‘No confidence’ block could head to court

Constitutional law expert Pierre De Vos said opposition parties could take the issue to court.

The IFP’s Mangosuthu Buthelezi, DA’s Lindiwe Mazibuko, COPE’s Mosiuoa Lekota and ACDP’s Kenneth Meshoe at a briefing where they announced their intention to raise a motion of no-confidence in President Jacob Zuma. Picture: Rahima Essop/EWN.

CAPE TOWN - Opposition parties are plotting their next move after attempts to debate a motion of no confidence against President Jacob Zuma was scuppered by the ANC.

Eight opposition parties tabled the motion last week.

The parties include the Democratic Alliance (DA), Congress of the People (Cope) and the Inkatha Freedom Party (IFP).

They claim Zuma has failed to show leadership in a number of respects.

The parties believe the justice system has been weakened and corruption is spiralling out of control under Zuma's leadership.

On Thursday, Parliament's programming committee was unable to schedule the issue for debate because the ruling party would not agree to it.

The Inkatha Freedom Party (IFP)'s Mario Oriani-Ambrosini raised the issue in the National Assembly, where the president was answering questions.

"What is the difference between preventing the holding of elections and preventing a vote of no confidence, which is a Constitutional power of the opposition of each member of this house."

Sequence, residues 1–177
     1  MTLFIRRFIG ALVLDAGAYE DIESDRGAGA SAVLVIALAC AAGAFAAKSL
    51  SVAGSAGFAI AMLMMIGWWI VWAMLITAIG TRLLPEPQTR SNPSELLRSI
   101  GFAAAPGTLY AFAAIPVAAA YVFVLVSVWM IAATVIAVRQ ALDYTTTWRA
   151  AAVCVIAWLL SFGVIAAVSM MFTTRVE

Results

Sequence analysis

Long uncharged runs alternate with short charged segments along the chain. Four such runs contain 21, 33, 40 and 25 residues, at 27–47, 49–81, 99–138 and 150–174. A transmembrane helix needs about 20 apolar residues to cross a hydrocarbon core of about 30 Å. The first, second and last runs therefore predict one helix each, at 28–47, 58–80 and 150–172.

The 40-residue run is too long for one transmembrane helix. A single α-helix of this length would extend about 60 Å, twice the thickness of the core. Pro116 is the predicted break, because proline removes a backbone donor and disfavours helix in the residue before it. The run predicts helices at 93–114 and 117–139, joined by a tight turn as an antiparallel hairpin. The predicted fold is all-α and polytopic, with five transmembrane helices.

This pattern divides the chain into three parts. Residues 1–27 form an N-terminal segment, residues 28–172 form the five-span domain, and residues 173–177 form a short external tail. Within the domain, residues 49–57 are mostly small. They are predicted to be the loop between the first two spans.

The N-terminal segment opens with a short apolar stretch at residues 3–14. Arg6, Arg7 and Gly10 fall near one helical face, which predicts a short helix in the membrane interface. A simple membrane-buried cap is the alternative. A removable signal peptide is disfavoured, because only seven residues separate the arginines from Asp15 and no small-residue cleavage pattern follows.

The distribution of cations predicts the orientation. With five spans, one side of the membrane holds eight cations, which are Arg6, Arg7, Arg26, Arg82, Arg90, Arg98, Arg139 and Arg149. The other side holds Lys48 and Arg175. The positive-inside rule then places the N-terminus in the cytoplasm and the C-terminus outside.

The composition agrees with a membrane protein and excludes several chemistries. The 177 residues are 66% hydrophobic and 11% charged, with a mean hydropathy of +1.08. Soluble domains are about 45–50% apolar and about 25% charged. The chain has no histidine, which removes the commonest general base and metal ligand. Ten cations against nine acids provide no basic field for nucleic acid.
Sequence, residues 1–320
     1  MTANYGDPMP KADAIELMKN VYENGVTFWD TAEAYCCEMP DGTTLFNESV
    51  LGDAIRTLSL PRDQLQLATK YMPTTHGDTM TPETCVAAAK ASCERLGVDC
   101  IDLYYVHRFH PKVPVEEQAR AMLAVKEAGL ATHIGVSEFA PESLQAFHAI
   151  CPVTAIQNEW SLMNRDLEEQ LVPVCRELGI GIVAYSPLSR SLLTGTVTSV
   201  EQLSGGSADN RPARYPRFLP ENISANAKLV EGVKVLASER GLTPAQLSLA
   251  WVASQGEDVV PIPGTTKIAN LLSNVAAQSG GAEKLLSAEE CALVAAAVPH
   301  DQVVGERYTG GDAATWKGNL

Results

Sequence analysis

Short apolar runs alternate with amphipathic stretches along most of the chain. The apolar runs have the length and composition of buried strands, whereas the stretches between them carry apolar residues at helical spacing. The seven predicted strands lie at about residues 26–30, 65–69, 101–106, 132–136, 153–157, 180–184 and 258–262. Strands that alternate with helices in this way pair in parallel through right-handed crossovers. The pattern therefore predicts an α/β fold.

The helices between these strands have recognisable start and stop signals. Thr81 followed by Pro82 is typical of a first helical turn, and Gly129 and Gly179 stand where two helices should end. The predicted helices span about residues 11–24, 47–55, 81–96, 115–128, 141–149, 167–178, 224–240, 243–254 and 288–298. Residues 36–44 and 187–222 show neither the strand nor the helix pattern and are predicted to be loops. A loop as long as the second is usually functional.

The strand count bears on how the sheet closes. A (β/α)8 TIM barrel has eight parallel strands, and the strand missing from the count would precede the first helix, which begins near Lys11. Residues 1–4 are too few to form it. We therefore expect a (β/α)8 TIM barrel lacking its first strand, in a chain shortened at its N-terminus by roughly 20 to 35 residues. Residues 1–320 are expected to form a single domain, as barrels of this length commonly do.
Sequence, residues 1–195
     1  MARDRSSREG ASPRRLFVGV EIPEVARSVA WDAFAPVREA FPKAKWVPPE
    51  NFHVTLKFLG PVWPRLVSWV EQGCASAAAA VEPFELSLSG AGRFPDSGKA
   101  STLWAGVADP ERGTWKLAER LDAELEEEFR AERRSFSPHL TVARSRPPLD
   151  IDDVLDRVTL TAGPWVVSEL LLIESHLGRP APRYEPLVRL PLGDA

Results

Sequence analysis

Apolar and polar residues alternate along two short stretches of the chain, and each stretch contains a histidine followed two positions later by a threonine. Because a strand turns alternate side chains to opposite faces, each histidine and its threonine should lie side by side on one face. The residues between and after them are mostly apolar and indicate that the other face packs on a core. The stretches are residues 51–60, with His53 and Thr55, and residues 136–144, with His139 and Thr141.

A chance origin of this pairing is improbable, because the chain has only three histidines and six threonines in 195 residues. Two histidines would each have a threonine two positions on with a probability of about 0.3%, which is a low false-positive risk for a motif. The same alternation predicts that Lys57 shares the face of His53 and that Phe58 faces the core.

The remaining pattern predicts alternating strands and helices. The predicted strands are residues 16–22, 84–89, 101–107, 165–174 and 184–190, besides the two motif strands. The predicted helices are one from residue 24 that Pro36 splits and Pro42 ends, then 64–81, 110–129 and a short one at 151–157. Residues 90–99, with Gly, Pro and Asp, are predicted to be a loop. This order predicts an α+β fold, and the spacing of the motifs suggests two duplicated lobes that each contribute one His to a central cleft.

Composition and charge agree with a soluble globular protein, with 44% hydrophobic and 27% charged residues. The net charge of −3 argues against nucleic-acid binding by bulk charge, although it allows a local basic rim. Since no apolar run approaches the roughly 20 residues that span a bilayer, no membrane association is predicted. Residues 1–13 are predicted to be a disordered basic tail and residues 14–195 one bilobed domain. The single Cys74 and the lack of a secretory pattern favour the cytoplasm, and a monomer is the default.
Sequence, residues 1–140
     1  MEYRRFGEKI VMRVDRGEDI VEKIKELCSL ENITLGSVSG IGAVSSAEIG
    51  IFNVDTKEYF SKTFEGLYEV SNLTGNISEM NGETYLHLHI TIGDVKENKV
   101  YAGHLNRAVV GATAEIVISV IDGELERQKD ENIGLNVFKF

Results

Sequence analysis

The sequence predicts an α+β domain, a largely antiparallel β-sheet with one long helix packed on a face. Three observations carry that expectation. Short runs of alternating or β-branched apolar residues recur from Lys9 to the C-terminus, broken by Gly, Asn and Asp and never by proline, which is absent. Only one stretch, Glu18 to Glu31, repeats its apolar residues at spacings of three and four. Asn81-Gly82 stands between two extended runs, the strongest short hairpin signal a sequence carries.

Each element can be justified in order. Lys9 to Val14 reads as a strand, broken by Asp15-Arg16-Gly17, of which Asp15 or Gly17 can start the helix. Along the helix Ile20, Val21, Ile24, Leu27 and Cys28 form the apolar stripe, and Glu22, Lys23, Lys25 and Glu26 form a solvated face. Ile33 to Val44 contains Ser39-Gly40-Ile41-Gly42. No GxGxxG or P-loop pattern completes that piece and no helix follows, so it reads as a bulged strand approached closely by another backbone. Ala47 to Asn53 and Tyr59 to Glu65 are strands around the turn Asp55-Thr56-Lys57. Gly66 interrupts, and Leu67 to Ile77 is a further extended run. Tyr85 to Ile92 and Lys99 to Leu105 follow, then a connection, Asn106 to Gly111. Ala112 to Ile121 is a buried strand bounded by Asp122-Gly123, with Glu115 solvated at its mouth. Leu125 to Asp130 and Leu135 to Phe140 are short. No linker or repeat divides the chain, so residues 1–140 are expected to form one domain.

Zuma said he would not get involved in Parliamentary matters.

"I am not a member of Parliament and I did not participate in the processes of this Parliament. I have heard that there was an issue raised and members of this house are dealing with the issue as they would want to deal with it. There are procedure [when it comes to] the manner in which these matters are raised."

Meanwhile, constitutional law expert Pierre De Vos said opposition parties could take the issue to court.

"The ANC has obviously decided that it will be too damaging for the president to have this debate, and so they are protecting him. That decision, I think, is very much challengeable in court. But it would take a lot of money and time for it to be challenged in court."


Zuma explained to MPs that renovations to his Nkandla home started without government's knowledge.

Once the state learned of the refurbishments, which he emphasised his family is paying for, Zuma claimed the Public Works Ministry insisted it get involved.

"Government insisted, from a security point of view."

At one stage, Zuma appeared annoyed by heckling from the opposition benches.

"I think you must respect me," he told Parliamentarians.

Opposition parties were not satisfied with his explanation.

DA Parliamentary Leader Lindiwe Mazibuko said, "His air conditioning system, is that a security enhancement?"

The president said allegations relating to the issue are unfair.